Originally published: April 12, 2012
Last updated: April 19, 2012 - 3:57pm
The Justice Department's legal pursuit of Apple for alleged e-book price fixing stretches the boundaries of antitrust law and is likely to end in defeat.
That's what happened in 1982, when an embarrassed Justice Department admitted its antitrust lawsuit against IBM was "without merit" and abandoned the case. And in 2001, a federal appeals court nixed the Justice Department's ambitious attempt to rewrite antitrust law by carving Microsoft into two separate companies. "It's a harder case against Apple than the publishers," says Geoffrey Manne, who teaches antitrust law at the Lewis and Clark Law School in Oregon and runs the International Center for Law and Economics. One reason lies in the Justice Department's 36-page complaint, which recounts how publishers met over breakfast in a London hotel and dinners at Manhattan's posh Picholine restaurant, which boasts a "Best of Award of Excellence" from Wine Spectator magazine. The key point is that Apple wasn't present.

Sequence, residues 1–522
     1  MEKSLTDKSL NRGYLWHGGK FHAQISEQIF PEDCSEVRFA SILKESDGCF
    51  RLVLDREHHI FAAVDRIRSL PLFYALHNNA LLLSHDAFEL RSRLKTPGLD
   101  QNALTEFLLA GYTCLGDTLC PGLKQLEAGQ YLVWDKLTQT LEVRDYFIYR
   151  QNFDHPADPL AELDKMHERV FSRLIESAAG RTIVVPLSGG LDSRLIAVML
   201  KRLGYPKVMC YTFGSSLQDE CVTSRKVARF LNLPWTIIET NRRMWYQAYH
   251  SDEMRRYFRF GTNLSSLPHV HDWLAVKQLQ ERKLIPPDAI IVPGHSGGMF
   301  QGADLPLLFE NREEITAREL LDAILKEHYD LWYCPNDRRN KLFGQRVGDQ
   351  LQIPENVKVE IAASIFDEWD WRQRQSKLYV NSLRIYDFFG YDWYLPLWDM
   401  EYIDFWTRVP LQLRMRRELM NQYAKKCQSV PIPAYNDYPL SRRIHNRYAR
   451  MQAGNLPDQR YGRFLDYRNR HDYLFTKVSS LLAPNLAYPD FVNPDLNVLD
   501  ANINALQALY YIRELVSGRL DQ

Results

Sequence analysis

The Department of Justice "has a far better case against the publishers than Apple," says Dominick Armentano, professor emeritus of economics at the University of Hartford and author of Antitrust and Monopoly who's now affiliated with the Independent Institute in Oakland (CA). "If the CEOs of the various publishers got together in hotel rooms to discuss prices, they are sunk" and might as well settle, he says. Richard Epstein, the prolific legal scholar and professor of law at New York University, goes further. Epstein argues in an essay published yesterday that there are "difficulties" with the Justice Department's case against publishers as well: "It will take some time to hear the whole story, but the betting here is that this lawsuit is a mistake."
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